He inclined towards all that groans and all that expiates. The universe appeared to him like an immense malady; everywhere he felt fever, everything he heard the sound of suffering, and, without seeking to solve the enigma, he strove to dress the wound. The terrible spectacle of created things developed tenderness in him; he was occupied only in finding for himself, and in inspiring others with the best way to compassionate and relieve. That which exists was for this good and rare priest a permanent subject of sadness which sought consolation.2
There are men who toil at extracting gold; he toiled at the extraction of pity. Universal misery was his mine. The sadness which reigned everywhere was but an excuse for unfailing kindness. Love each other; he declared this to be complete, desired nothing further, and that was the whole of his doctrine.3
From these quotations it can be clearly seen that the author is very positive towards Bishop Myriel. Yet Su Manshu, in his translation, changed Bishop Myriel into a greedy and hypocritical monk. For example, the subtitle of the fifth chapter of his translation is "贪和尚慷慨留客 苦华贱委婉陈情", which can be roughly translated into English as "Greedy Monk Generously Offers Stay, Poor Valjean Indirectly Tells Story".
Su Manshu's negative attitude towards Bishop Myriel could also be traced by his comments added in his translation. To name just one example,
This part was translated from the fifth chapter of Book II with the original title of "Tranquillity", which suggested the state of mind of Bishop Myriel when facing Jean Valjean. The first few lines of Su Manshu's translation quoted here were actually quite faithful to the original. Yet he added a sentence of his own to describe Bishop's state of mind (underlined Chinese sentence), which could be roughly translated like this: The bishop feels a kind of panic. Obviously this added sentence was not in conformity with the title of this chapter. As a matter of fact, this added sentence gave the reader a negative image of Bishop Myriel.
Another point deserving our attention is that Victor Hugo's Les Misérables is a long novel consisting of 5 volumes (9 books). Su Manshu's translation started with Volume I, Book Second, and it covered the main content of Book Second, that's to say, the whole Book First was omitted.
According to his personal ars poetica, Su Manshu was opposed to casual omissions and additions in translation. He once criticized Lin Shu's4 translation for its unfaithfulness. Why did he translate in such a way which was quite contrary to his own philosophy? In order to figure out the reasons, we should first of all look at the main content of what was omitted. Book First of Vitor Hugo's Les Misérables with the title of "A Just Man" consists of 14 chapters and it is actually a brief introduction to and a positive description of Bishop Myriel.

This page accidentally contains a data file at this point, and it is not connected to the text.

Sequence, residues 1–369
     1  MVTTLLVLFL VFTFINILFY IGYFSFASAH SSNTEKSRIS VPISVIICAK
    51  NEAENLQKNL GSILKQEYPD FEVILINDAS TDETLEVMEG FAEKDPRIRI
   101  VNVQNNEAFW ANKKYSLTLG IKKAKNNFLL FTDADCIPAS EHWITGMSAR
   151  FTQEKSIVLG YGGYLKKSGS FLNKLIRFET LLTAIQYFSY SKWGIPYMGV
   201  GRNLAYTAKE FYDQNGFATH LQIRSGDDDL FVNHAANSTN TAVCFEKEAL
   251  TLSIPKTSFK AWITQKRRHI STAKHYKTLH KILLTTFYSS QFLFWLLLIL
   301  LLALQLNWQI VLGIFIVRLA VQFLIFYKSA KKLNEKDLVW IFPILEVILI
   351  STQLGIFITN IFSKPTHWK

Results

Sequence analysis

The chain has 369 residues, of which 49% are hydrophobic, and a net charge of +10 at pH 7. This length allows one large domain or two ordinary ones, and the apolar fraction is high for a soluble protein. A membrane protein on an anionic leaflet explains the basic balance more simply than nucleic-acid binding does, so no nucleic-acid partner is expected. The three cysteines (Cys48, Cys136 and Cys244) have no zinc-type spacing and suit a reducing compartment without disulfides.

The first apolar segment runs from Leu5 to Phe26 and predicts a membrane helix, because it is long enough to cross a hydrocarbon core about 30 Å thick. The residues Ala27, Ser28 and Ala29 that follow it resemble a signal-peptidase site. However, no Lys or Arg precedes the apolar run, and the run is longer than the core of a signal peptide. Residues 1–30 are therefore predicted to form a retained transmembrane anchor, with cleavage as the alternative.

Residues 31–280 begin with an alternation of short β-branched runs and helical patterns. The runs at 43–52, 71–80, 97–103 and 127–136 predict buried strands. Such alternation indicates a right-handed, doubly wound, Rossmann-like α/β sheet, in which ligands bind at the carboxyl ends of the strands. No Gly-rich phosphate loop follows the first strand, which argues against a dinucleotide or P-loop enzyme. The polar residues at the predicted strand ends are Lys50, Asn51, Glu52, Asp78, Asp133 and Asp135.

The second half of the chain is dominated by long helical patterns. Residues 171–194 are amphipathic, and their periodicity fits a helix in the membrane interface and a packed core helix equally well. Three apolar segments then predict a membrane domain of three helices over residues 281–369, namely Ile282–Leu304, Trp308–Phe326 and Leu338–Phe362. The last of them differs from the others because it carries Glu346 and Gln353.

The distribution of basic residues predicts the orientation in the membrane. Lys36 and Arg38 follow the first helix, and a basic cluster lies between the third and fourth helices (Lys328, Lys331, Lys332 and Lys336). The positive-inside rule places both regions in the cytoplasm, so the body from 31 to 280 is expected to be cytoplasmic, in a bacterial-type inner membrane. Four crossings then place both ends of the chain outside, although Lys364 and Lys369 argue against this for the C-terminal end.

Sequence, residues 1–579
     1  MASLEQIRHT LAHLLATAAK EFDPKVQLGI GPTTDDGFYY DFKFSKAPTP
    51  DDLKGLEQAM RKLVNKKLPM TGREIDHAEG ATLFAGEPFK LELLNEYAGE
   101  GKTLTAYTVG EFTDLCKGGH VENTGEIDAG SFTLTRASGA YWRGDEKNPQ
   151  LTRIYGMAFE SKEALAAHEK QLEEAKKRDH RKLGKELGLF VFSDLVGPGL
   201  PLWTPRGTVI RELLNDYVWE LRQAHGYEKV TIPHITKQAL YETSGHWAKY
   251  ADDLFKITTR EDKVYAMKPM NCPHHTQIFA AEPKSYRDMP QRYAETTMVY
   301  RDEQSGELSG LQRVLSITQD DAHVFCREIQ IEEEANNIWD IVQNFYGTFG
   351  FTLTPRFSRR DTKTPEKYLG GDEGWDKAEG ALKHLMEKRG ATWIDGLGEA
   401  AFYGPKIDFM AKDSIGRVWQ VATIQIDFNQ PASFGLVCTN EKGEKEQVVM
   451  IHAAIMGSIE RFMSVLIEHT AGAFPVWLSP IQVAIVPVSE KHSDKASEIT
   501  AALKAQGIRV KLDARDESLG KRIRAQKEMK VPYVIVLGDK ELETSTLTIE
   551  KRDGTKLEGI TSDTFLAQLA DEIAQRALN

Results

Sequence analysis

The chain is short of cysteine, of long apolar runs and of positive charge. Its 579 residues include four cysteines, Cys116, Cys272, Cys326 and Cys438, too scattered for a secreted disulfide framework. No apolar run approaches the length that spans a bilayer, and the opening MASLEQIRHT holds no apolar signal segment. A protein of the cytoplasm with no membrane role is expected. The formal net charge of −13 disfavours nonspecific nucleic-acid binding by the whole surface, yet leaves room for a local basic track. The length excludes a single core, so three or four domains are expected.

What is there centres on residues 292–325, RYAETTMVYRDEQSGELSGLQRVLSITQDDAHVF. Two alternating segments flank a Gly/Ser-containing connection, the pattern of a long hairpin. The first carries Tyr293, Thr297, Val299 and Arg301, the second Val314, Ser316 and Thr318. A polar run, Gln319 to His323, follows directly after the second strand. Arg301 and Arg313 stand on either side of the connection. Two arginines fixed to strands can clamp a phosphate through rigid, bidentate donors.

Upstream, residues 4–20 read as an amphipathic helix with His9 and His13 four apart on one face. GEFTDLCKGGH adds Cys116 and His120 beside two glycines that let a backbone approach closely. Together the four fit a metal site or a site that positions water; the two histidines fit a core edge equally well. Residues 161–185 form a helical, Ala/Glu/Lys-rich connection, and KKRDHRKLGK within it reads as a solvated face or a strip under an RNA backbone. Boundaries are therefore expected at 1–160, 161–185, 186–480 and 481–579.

Su Manshu was a Buddhist monk. Buddhism and Christianity are two different religions advocating fundamentally different doctrines. It is no wonder that Su Manshu, being a Buddhist, took a hostile attitude towards Christianity. His hostility could be traced in his own novel Duanhong Lingyan Ji （Lonely Swan, where he described the Reverend Lopez, a Spanish missionary then in Hong Kong, like this: "I admire his peace and seclusion. He is an extraordinary person among the Nestorianists, who has no malicious intentions against the country other than his own."
Another piece of evidence to prove Su Manshu's hostility towards Christianity can be found in what Ming Nande says about God. Ming Nande is a hero Su Manshu created in his translation of Vitor Hugo's Les Misérables.
People in this world talk of God every day. Do you think there really exists a God? In the ancient barbarian age, many people were ignorant and they would do any mischief, so some clear-minded people thought of something that they respected to avoid the mischief of the ignorant. So God doesn't exist at all. When I was very small, I went to the church together with my father one Sabbath, I heard the Bishop saying: "If you respect God, you should bring some money from time to time and put it into the iron box in the church. Then the soul of your parents would go up to the heaven after their death." I didn't quite believe such ridiculous talk5. (PEI 1982:170)